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Top Tory's grill criticism ridiculed

Lay off the grill, top Tory advises - His comments are called 'ridiculous'

Toronto Star - June 25, 2003
by Richard Brennan


Ontario's environment minister appeared more concerned about pollution from barbecues yesterday than he did about the province's coal-fired power stations. Jim Wilson said Ontario residents should eschew the temptation to throw a steak on the grill on smoggy days when the air is tough to breathe.

"Clearly anything they (the public) can do to cut down their use of equipment or barbecues that produce smog" would help, he told reporters on his way into the weekly government caucus meeting. Coal-fired generating stations are only a "small part" of the pollution problem, Wilson said.

But the environment minister was raked over the coals for his comments, which came as the province grappled with a second day of smog advisories and sweltering temperatures.

Jack Gibbons, chair of the Ontario Clean Air Alliance, said Wilson's comments were "just ridiculous."

"Ontario Power Generation's coal-fired power plants produce as much pollution as 6 million cars a year, so they are much, much more significant than your backyard barbecue," said Gibbons adding the impact of barbecuing is "so trivial that no one has ever quantified it."

The coal-fired Nanticoke plant on the north shore of Lake Erie is the biggest in North America and is reported to be the largest single polluter in Canada. And as temperatures soar, the province's five coal-fired plants are working overtime.

Grill guru Ted Reader, host of CTV's weekly barbecue show King of The Q, said while barbecuing may contribute to heat elevation, it is "a little ridiculous" that this is the focus of attempts to combat smog. "If people don't grill, they go indoors to cook, and increase their use of the air conditioning system," he said.

But Reader, the author of six cookbooks and a chef for more than 20 years, said food should not suffer when it comes to cutting down on activities that might produce smog. He cautioned meat lovers to use their grills efficiently. "If you grill, wait for later in the evening," he said. "If you properly prepare your steak, you can cook it in 10 minutes."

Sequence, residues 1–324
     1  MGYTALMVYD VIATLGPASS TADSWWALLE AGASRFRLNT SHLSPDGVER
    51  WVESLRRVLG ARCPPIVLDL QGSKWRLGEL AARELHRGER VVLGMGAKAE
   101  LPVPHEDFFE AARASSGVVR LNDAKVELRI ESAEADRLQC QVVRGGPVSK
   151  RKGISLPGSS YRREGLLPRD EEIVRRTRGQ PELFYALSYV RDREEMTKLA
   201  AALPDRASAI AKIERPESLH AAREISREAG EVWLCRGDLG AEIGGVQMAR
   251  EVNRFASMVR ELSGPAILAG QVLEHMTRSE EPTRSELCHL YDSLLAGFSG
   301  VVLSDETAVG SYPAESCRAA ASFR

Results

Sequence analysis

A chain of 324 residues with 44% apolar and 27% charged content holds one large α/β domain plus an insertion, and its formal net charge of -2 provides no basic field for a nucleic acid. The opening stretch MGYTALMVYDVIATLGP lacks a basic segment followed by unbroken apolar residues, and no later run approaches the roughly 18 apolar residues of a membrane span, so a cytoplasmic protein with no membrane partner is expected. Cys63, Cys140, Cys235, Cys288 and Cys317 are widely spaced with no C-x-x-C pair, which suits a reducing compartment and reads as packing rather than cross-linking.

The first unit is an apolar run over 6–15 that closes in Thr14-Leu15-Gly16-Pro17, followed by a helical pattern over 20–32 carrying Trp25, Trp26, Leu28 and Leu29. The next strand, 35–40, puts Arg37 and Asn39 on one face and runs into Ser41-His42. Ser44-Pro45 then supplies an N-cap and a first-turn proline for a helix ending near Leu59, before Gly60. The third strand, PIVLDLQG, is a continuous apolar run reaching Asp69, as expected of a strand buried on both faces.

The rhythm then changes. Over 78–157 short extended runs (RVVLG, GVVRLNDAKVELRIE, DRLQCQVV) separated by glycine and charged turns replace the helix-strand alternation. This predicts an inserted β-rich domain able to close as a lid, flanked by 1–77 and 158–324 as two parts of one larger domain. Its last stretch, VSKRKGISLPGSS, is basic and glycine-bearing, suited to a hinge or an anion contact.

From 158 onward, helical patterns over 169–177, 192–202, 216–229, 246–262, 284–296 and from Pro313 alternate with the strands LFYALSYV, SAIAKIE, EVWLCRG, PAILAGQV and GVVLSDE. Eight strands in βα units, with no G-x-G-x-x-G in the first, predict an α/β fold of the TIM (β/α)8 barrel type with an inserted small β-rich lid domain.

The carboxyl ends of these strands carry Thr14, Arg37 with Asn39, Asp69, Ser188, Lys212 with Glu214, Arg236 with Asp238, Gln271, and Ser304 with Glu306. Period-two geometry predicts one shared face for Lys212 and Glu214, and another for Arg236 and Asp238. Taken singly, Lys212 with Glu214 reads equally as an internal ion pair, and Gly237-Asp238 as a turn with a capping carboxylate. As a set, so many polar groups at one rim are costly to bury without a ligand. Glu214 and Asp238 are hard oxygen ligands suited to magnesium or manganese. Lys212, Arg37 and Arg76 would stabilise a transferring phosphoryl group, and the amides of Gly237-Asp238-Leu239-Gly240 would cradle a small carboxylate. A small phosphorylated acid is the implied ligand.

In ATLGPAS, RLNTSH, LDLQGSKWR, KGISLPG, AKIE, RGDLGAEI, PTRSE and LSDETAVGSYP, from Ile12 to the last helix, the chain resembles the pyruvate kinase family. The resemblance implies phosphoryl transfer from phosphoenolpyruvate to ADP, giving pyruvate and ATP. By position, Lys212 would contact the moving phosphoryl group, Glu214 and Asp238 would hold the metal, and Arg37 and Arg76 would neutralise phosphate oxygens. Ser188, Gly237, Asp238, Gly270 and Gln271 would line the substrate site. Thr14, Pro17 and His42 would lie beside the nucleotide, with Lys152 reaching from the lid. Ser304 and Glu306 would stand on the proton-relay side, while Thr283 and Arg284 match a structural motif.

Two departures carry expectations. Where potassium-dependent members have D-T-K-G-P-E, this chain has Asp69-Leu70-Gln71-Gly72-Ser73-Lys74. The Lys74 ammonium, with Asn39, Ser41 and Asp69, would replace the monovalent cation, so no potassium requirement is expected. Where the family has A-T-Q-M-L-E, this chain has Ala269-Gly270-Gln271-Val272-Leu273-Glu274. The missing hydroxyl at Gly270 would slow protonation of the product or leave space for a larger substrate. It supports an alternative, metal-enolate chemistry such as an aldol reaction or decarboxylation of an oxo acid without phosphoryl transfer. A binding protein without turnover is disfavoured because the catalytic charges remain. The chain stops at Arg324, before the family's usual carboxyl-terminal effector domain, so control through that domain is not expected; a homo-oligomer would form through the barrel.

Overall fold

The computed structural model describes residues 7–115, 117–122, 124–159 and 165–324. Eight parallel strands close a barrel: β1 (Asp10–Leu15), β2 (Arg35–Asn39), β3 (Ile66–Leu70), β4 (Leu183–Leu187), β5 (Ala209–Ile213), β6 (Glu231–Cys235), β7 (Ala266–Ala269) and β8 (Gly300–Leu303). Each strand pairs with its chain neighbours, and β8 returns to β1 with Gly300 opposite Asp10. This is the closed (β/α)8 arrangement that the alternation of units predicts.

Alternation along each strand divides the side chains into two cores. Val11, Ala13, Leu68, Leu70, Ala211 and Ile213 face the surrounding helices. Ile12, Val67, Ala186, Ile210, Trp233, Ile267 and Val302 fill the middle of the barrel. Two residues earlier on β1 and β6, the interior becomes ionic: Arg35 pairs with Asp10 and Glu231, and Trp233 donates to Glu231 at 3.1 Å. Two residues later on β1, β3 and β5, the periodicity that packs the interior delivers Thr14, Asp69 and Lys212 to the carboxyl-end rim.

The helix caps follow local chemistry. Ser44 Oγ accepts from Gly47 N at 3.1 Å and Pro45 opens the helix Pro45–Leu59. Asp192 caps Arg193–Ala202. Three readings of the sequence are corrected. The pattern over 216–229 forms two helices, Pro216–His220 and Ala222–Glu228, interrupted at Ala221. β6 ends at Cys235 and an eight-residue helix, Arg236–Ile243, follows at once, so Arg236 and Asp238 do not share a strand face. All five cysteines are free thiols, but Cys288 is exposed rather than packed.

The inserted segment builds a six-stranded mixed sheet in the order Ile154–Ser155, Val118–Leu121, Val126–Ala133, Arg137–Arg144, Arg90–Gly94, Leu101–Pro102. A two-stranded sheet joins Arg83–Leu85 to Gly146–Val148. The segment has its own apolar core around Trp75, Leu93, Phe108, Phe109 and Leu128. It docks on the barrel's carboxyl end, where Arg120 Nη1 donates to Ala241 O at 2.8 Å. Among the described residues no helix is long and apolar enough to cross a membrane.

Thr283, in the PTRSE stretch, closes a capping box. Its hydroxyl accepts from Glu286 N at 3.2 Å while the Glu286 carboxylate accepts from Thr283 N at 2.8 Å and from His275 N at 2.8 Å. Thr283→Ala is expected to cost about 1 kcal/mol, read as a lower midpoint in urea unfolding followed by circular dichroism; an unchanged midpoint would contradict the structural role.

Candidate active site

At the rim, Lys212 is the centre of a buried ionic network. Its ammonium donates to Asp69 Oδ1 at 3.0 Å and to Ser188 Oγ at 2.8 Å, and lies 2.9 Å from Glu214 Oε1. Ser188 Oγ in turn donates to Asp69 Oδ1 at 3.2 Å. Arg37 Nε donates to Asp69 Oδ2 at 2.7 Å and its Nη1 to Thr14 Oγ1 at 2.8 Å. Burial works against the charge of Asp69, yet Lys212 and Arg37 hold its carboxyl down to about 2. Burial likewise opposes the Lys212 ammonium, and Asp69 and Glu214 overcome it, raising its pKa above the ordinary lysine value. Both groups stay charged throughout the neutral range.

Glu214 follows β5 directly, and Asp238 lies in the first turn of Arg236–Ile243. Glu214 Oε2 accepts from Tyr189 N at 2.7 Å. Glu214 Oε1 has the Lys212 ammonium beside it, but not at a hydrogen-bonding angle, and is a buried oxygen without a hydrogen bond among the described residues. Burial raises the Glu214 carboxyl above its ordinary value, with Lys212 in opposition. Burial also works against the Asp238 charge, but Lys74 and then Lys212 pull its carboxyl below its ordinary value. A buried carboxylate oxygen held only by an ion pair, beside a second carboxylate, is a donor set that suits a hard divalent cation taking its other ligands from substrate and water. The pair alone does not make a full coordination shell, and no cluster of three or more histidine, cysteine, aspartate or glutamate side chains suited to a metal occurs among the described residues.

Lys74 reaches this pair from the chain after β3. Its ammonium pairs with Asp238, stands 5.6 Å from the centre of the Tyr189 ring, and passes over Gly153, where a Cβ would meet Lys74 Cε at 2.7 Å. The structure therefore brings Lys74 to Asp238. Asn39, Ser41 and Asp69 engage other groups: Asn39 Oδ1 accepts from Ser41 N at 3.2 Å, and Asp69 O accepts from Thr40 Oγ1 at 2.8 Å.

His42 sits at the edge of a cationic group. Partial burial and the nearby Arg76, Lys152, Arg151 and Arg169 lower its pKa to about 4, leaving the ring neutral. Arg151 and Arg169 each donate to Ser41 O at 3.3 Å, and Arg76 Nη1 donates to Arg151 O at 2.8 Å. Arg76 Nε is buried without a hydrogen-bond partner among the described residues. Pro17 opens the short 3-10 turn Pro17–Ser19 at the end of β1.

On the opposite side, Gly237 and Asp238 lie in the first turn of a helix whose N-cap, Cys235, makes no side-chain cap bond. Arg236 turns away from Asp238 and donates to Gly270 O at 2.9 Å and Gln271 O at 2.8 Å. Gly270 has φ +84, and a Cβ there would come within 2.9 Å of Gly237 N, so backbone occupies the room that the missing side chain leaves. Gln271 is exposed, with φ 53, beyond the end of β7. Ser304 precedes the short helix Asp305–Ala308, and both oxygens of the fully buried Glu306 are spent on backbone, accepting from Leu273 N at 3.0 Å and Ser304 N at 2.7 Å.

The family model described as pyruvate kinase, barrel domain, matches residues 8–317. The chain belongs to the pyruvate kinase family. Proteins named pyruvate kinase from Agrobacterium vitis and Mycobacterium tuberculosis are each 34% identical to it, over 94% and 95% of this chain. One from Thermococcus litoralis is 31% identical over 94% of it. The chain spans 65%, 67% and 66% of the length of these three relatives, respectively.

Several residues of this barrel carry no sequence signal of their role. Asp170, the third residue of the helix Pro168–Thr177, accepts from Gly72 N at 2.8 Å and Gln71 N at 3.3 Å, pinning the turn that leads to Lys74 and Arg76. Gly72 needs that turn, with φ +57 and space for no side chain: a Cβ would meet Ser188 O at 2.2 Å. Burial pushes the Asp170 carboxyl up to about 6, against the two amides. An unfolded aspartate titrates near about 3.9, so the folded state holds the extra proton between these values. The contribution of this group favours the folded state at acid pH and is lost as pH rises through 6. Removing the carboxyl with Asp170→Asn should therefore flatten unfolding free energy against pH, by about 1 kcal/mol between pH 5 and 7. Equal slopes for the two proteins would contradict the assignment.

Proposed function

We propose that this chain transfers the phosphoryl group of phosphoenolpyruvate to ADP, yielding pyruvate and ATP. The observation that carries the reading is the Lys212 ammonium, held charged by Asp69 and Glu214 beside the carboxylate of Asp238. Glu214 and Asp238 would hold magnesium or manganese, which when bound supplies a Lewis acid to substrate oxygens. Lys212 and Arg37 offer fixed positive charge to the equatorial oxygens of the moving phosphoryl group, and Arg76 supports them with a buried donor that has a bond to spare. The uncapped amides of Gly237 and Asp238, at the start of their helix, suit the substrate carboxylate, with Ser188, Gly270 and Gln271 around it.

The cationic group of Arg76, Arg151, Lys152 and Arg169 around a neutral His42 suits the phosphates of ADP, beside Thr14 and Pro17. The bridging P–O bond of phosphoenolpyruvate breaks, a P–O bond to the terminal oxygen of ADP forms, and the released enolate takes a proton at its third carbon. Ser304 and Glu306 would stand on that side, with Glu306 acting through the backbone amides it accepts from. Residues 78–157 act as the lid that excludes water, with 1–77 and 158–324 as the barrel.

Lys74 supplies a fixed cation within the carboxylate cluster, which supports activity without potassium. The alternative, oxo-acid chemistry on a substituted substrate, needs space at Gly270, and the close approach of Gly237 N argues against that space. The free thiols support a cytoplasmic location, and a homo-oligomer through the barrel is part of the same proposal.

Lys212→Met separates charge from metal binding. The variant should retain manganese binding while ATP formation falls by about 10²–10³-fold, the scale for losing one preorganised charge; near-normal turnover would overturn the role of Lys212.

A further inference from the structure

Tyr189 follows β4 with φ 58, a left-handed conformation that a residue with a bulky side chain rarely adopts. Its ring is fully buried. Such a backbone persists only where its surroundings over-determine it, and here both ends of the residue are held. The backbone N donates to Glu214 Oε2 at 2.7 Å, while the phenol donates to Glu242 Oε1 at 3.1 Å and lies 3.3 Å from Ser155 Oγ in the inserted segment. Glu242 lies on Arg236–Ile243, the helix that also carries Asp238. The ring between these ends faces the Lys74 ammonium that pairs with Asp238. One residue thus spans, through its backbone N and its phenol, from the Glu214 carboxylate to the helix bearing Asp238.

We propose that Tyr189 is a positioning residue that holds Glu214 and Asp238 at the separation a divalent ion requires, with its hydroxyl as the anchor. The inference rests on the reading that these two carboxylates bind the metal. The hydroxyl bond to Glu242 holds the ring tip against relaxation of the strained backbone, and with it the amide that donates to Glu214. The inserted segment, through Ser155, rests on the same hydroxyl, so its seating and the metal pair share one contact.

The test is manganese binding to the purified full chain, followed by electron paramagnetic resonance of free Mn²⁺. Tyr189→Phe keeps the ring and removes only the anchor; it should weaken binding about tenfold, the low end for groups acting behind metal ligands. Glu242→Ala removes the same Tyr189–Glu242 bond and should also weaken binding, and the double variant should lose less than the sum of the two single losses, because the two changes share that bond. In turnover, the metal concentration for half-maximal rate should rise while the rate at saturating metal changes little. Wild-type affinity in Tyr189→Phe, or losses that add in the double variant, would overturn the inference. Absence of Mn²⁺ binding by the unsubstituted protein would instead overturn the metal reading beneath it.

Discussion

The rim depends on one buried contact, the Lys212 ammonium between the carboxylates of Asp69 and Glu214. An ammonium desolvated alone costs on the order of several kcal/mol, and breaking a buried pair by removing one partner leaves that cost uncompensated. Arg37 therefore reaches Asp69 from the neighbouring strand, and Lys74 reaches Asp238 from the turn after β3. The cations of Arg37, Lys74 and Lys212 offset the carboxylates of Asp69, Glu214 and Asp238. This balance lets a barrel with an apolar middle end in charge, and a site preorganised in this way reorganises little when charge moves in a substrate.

Tory MPP Bill Murdoch (Bruce-Grey-Owen Sound), who has a beef ranch near Owen Sound, said he disagreed entirely with Wilson and encouraged people to barbecue even more beef.

"I wouldn't encourage people to stop barbecuing. I would encourage people to do more. We have a glut of beef right now and it would be nice if people would buy our beef, which is safe, and do that," Murdoch said.

Meanwhile, Premier Ernie Eves said he is doing his bit to reduce smog by not using his barbecue. "I happened to order in Swiss Chalet last night instead of barbecuing," he said.

Liberal Leader Dalton McGuinty said he was stunned that Wilson would continue to insist that the coal-fired plants are not the problem. "What really bothers me is that he juxtaposes backyard barbecues with coal-fired generation. Coal-fired generation is the single greatest contributor to smog and global warming in the country," McGuinty told reporters.

The Tories have committed to closing down coal-fired generating stations by 2015, while the Liberals have said they would do it eight years earlier.

Nanticoke emits more than 30 toxic air pollutants. While the scrubbers on two of eight boilers at Nanticoke's generating stations are almost completed, they will only reduce one pollutant, nitrogen oxide. "The selective catalytic reduction units will only reduce Nanticoke's total air pollution by 4/100 of 1 per cent," Gibbons said.

Like other environment ministers before him, Wilson blamed coal-fired plants in the American Midwest for polluting southern Ontario. "There are over 200 coal-fired plants versus our five coal-fired plants in the Ontario-U.S. air shed," he said.

The Conservative government has been criticized for not having a conservation plan, but Energy Minister John Baird, announced yesterday that a booklet containing tips on how to conserve energy will be mailed to homes shortly.

NDP MPP Marilyn Churley said that should have been done months ago. "The people of Ontario are choking and dying from the effects of smog," Churley said. "Yet the best this government can suggest is to stop barbecuing. It would be laughable if it weren't so serious."

Last summer was the worst on record for smog in Ontario with the environment ministry issuing 27 smog alerts, according to the Ontario Clear Air Alliance.

By mid-afternoon yesterday, Hamilton and Oakville experienced the province's worst smog levels, each with an air quality index reading of 72. Readings above 50 are considered poor.

Other areas severely affected were Toronto at 67 and Simcoe, not far from the coal-powered Nanticoke power plant, at 68.

Air quality index readings are based on hourly measurements of the six most common air pollutants: sulphur dioxide, ozone, nitrogen dioxide, total reduced sulphur compounds, carbon monoxide and fine particulate matter.

Meanwhile, the Ontario Clean Air Alliance reported yesterday that OPG failed to meet targets for reducing both smog emissions and greenhouse gas emissions in 2002.

The company, owned by the Ontario government, says it meets its targets by buying emission credits from other companies that have exceeded their pollution reduction goals.

The clean air alliance says OPG promised in 1991 to limit emissions of smog-creating nitrogen oxides to 38,000 tonnes a year. But in 2002, its coal-fired plants breathed 42,300 tonnes, the alliance says.

With files from John Spears, Robert Benzie, Hicham Safieddine and Canadian Press.


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